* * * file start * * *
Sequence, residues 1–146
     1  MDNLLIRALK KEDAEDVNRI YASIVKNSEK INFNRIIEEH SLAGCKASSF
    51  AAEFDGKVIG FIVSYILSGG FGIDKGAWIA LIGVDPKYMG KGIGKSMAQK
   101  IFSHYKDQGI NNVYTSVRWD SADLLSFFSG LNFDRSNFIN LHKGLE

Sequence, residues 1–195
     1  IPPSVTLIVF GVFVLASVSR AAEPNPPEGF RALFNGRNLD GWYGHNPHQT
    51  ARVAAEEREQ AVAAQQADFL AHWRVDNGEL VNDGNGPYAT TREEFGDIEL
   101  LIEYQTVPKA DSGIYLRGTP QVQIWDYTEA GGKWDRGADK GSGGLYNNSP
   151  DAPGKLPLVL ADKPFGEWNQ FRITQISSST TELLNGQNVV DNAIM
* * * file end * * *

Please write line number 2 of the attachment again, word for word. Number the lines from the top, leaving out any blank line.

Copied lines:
     1  MDNLLIRALK KEDAEDVNRI YASIVKNSEK INFNRIIEEH SLAGCKASSF